U.S.-owned and U.K.-based company Oxitec created the biologically-engineered mosquitoes, known as the OX5034, to control the Aedes aegypti, a species of mosquito that carries and spreads diseases, including dengue, Zika, yellow fever, and chikungunya. Since the female Aedes aegypti are the disease-carrying gender, Oxitec's mosquito is a genetically-modified version of the Aedes aegypti designed with a gene that prevents female offspring from surviving past the larval stage. All of the Oxitec's mosquitoes are male, which are non-biting since they feed only on nectar.
The plan was approved by the Environmental Protection Agency in May, according to CNN. On Tuesday, the Florida Keys Mosquito Control District Board of Commissioners gave the final approval despite pushback from local residents and environmental advocacy groups.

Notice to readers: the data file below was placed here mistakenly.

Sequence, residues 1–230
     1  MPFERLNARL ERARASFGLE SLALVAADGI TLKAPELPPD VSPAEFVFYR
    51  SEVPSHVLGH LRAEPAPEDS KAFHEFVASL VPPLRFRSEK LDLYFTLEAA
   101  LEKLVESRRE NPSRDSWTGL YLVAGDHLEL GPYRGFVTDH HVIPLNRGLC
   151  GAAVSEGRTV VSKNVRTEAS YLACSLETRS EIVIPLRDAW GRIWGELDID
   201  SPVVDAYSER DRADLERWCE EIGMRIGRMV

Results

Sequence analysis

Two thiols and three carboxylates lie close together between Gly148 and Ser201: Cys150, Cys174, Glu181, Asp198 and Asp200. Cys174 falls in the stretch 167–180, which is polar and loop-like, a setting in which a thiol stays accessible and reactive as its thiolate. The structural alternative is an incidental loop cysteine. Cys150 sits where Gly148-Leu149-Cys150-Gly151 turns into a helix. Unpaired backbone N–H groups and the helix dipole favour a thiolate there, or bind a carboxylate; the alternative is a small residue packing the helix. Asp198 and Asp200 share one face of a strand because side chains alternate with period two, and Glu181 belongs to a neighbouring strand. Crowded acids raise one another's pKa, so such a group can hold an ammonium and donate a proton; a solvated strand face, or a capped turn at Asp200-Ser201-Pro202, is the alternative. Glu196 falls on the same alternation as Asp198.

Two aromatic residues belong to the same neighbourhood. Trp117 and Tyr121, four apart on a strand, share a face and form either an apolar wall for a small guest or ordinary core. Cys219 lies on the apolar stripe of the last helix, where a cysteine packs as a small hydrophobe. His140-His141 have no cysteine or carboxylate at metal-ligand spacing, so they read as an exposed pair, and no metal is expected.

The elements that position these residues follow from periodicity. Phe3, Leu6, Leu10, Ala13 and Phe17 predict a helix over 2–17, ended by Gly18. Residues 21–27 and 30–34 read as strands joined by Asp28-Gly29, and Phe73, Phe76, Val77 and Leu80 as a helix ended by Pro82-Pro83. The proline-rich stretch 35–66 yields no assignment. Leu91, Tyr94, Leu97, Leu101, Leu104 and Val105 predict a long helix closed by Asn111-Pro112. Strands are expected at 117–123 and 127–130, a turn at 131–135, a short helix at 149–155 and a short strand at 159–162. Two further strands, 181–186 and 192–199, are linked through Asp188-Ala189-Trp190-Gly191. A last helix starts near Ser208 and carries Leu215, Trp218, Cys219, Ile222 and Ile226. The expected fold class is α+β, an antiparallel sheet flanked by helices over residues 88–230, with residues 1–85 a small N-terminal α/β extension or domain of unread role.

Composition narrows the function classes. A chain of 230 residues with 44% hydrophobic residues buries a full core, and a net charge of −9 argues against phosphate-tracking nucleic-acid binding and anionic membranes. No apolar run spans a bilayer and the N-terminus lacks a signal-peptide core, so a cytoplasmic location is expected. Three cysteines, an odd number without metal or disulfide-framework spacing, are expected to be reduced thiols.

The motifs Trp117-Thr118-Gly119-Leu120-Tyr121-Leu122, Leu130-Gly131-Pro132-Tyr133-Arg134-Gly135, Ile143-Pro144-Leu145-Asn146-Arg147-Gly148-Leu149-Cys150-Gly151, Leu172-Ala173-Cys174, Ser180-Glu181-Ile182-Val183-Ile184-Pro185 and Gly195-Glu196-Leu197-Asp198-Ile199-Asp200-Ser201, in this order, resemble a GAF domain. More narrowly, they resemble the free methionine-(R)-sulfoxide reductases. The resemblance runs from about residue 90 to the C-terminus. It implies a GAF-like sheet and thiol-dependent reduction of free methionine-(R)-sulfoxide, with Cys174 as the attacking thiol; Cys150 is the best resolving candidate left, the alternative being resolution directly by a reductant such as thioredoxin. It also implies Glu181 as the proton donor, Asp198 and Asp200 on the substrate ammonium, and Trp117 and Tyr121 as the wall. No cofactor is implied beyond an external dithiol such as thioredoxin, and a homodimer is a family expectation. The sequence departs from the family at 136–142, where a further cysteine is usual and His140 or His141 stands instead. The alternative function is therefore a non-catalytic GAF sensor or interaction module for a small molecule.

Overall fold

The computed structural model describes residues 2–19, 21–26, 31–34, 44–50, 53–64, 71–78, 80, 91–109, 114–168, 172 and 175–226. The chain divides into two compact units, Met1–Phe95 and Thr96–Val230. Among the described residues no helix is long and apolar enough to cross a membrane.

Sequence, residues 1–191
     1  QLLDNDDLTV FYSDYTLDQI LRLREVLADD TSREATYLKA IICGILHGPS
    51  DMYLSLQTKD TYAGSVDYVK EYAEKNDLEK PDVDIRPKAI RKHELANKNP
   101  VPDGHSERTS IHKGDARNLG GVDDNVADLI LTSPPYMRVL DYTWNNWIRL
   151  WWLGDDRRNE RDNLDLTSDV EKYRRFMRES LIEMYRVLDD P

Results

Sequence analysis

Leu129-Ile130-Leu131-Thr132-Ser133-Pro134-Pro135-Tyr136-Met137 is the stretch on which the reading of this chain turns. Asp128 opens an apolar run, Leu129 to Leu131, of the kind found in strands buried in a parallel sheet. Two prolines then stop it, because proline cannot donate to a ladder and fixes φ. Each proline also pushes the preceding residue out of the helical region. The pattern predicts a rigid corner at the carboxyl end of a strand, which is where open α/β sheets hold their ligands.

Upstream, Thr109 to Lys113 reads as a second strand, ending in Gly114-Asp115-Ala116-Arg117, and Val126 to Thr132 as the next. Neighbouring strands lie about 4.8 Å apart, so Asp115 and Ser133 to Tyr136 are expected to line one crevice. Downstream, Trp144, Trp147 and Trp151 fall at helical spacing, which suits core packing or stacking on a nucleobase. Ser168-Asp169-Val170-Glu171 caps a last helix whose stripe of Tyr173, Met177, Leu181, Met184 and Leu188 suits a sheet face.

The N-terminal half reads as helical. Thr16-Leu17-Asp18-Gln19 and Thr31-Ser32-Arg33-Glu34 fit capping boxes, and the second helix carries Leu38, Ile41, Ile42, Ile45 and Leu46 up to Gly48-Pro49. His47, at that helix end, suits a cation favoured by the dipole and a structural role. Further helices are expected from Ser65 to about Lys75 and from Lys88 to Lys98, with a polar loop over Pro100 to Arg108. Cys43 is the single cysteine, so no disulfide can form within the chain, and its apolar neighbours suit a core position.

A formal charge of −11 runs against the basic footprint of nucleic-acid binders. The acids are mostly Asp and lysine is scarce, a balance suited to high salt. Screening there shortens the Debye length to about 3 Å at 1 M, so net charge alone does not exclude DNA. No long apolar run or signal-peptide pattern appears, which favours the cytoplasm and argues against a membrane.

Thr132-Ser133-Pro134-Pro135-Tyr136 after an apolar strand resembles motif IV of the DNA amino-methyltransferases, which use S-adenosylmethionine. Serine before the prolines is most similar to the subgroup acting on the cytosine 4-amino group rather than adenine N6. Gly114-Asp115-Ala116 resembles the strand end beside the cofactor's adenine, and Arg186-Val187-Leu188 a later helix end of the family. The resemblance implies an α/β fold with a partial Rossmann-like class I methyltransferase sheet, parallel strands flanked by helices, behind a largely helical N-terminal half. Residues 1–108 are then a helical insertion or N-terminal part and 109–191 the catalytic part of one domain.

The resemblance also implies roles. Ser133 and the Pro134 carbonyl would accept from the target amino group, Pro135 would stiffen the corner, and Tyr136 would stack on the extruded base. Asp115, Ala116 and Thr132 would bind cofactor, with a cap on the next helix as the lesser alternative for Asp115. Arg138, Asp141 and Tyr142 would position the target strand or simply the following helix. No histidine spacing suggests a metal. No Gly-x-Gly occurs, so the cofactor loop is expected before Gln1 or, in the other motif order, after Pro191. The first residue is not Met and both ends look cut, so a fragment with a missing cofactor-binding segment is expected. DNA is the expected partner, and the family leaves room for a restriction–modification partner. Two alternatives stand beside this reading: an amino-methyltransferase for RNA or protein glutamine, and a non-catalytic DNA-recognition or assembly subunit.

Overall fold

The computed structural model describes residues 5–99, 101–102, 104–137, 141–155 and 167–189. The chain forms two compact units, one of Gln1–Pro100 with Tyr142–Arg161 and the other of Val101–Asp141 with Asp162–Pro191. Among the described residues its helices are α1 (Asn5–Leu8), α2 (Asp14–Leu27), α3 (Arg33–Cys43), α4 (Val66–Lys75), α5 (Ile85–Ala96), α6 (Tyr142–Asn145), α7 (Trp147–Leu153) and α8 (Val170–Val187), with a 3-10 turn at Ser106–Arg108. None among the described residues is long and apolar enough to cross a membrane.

"With all the urgent crises facing our nation and the State of Florida—the Covid-19 pandemic, racial injustice, climate change—the administration has used tax dollars and government resources for a Jurassic Park experiment," Jaydee Hanson, Policy Director for the International Center for Technology Assessment and Center for Food Safety, said in a statement. "Now the Monroe County Mosquito Control District has given the final permission needed. What could possibly go wrong?"
The number of mosquitoes released may be fewer than 750 million. “The EPA has given a maximum release number, which is what the 750 million mosquitoes refers to; in reality, the number released will be far lower and will be based on the number of wild Aedes aegypti mosquitos found in the release areas,” Dr. Nathan Rose, Oxitec’s Head of Regulatory Affairs, said in a comment to House Beautiful.
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